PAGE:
The high cost of the typical American funeral is one reason why a growing number of people, like Garcia, are choosing lower-cost (and often environmentally friendly) alternatives.

Here are a few:

Green Burial

Traditional burials can actually be quite harmful to the environment and even funeral workers themselves. For example, formaldehyde, used during embalming to preserve the body, has proven to be toxic to embalming professionals, causing sore throats, coughing, scratchy eyes, and nosebleeds in the short term and cancer in the long run.

Cremations pose their own environmental hazards. The process releases greenhouse gases like carbon dioxide, as well as other known toxins and carcinogens into the atmosphere.

One way to reduce your carbon footprint after you’ve passed away is to opt for a “green” burial. Green burials, as defined by the Green Burial Council, aim to reduce environmental damage, protect the health of funeral workers, and reduce carbon emissions.

“This is sort of a new concept to the industry, so you might have to seek out a natural burial ground,” says Rachel Zeldin, founder and CEO of I’m Sorry to Hear, an online service that helps consumers search and compare prices for funeral services in their area. “But they are a super, super beautiful way to have a funeral.”

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Sumi Garcia chose to bury her mother’s ashes in a special urn offered by startup Bios, which incorporates ashes into soil that nourishes a tree or plant of the buyer’s choice.

The deceased is buried in a vessel made of organic materials, such as a burial shroud or a simple casket made of untreated wood, or directly into the ground (with or without a liner) if the cemetery allows. The Green Burial Council has a list of certified burial products.

Green burials can also be kinder to your wallet, since you can typically forego the costs of an expensive service, casket, and embalming. The cost of the burial will depend on the cost of the provider that you choose and where you’d like to be buried. For example, startup company Coeio has developed a bodysuit that you can be buried in for about $1,500. The suit is lined with a mixture of mushrooms and other biological material, the company says, to “help the body return to the earth, clean toxins in the soil, and deliver nutrients to plants.” At that price point, the Coeio suit costs much less than the average burial with a viewing, but could cost more than a direct cremation, which can cost as little as $495, according to the Funeral Consumers Alliance.

Finding a natural burial ground is the tricky part for anyone considering a green burial. Zeldin recommends seeking out funeral homes that are a bit more progressive.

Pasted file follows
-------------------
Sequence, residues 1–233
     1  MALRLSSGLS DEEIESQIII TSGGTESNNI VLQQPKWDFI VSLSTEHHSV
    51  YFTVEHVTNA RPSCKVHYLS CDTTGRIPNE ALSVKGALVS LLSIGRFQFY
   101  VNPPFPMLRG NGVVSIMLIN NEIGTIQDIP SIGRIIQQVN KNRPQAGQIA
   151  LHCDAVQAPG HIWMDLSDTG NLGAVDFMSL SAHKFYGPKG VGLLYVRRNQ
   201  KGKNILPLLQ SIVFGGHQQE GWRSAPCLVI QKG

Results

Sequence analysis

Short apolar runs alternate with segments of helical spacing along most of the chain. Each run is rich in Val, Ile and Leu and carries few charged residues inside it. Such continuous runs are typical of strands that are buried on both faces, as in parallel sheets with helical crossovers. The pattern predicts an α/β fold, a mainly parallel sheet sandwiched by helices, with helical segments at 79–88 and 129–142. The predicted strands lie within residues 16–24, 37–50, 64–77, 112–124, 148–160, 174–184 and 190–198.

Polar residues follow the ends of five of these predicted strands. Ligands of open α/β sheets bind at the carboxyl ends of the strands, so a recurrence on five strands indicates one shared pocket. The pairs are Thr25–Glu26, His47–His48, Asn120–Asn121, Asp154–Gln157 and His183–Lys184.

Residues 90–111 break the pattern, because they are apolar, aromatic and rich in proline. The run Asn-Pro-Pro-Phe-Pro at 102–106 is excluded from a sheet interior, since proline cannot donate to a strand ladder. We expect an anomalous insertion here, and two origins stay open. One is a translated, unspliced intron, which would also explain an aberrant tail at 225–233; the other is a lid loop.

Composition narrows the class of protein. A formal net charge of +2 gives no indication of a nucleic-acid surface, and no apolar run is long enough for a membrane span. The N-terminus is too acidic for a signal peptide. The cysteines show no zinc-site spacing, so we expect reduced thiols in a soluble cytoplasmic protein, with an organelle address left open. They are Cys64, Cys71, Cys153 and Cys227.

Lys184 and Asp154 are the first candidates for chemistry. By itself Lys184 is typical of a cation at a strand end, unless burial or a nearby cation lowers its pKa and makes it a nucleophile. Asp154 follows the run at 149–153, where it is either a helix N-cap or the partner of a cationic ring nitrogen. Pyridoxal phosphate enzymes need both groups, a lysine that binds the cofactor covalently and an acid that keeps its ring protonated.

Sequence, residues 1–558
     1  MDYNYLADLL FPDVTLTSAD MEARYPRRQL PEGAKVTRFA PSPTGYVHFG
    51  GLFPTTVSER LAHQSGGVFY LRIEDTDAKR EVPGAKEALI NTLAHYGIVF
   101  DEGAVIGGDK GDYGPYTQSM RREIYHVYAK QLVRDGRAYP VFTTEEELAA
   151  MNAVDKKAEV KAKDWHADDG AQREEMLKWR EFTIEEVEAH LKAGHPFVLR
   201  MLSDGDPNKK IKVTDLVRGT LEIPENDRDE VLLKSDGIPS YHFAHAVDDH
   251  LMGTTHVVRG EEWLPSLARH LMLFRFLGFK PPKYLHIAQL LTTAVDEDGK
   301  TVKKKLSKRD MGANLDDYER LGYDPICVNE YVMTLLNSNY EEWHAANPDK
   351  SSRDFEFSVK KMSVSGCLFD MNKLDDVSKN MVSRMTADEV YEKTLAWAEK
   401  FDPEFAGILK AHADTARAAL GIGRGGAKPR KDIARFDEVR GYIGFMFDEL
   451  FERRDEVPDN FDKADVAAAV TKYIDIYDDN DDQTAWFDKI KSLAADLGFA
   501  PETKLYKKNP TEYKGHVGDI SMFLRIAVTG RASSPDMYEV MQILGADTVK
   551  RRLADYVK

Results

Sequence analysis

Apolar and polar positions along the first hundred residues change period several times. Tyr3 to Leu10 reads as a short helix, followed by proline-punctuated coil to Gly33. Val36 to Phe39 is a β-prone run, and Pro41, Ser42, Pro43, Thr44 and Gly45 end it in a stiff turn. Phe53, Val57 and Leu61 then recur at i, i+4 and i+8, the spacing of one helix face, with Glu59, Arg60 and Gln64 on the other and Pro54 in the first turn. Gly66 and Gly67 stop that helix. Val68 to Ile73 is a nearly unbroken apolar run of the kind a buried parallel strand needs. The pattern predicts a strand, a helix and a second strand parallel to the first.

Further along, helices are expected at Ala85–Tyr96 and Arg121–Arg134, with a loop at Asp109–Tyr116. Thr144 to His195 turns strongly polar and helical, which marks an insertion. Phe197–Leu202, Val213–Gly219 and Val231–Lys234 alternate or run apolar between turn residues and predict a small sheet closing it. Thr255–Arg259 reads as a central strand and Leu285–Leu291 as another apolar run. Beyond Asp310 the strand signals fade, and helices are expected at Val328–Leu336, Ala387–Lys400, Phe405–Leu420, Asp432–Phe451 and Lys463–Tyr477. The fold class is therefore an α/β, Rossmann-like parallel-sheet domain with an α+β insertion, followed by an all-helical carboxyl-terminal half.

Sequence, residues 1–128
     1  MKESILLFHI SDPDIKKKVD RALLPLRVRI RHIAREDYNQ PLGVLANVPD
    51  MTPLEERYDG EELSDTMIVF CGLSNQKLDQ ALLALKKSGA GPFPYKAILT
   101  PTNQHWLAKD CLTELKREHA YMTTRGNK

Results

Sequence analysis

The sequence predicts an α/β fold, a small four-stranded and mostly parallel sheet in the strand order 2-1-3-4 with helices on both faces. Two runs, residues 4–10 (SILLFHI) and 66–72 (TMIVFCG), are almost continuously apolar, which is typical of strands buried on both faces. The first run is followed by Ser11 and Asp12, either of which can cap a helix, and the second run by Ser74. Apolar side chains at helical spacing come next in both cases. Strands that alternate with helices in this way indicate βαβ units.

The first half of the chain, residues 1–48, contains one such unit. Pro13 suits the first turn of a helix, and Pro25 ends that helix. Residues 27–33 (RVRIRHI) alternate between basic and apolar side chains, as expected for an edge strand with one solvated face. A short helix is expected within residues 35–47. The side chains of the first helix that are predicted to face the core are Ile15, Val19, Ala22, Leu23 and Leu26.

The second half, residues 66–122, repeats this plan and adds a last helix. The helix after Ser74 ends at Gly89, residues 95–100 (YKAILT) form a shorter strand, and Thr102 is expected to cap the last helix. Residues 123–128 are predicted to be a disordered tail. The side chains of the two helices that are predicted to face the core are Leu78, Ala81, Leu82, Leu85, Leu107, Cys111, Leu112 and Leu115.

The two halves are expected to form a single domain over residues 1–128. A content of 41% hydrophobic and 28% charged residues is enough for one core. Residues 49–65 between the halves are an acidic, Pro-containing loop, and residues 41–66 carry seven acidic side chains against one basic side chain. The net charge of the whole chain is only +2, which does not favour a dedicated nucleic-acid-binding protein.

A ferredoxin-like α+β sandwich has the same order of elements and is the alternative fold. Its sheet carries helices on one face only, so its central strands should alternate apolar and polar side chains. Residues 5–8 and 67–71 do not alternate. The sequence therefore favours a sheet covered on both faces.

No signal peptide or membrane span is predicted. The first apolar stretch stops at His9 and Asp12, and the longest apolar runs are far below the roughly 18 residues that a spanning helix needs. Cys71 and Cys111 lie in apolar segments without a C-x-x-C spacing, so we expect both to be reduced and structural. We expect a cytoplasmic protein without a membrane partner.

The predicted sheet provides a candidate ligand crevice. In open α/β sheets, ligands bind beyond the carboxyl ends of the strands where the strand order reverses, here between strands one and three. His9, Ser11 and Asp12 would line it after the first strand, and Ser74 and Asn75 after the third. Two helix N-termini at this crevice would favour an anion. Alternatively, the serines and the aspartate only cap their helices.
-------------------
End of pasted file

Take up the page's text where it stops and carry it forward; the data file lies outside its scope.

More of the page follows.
Direct Cremation

The first and most commonly chosen alternative to a full casket burial is cremation. According to data from the Funeral Consumers Alliance (FCA), the number of cremations has grown from roughly 600,000 in 1999 to a projected 1.6 million in 2016. This year, nearly one in every two funerals will involve cremation.

The median price of a viewing and cremation is $6,078, according to the most-recent NFDA data, about $1,000 less than a viewing and burial. You could also choose to skip the viewing and have an end-of-life celebration elsewhere, in which case you would only take on the cost of a direct cremation. It’s hard to nail down a typical price for cremation services. Prices for direct cremation nationwide can range from $495 to as high as $7,595, according to the FCA.

Always ask the funeral director what their “direct cremation” service actually includes, as it could exclude the actual cost of cremation. A report released this year by the FCA found that among the 142 funeral homes they surveyed, about 22% of them advertised cremation prices that didn’t include the actual cremation of the body.

You can contact a cemetery, a funeral home that offers cremation services, or a stand-alone crematorium to arrange the cremation and have the body moved.

Body Donation

Donating your body or organs is not only a more benevolent option when it comes to handling the deceased, but also a very cheap one, costing less than $100 and oftentimes nothing. For example, Anatomy Gifts Registry, a nonprofit body donation program, pays for every part of the process except for a shipping and handling fee to send the ashes back to you. Many other programs don’t charge anything.

“Not only is [body donation] great for our society because it allows people to do research and medical training, but it’s a really great option for those who either have a desire to donate or really have no money,” say Zeldin.

You have two options with body donation. You can either donate your entire body, or just your organs, but you can’t do both. That’s because body donation requires a body to include organs.

When you donate your body, it can be used to help with medical or military research, whereas if you donate your organs, they could go to save a life.

If you’re interested in donation, you’ll need to contact a medical school or research facility or connect with a national body donation program such as Science Care or MEDCURE that can complete that step for you. The body is usually cremated after donation, then the ashes are sent back to the family after a few weeks. Some programs cost nothing, others may have you pay a small shipping fee to receive the ashes.

You can make the process easier on your family by pre-registering your body for donation or signing up as an organ donor. Read more about body donation here.

Home Funeral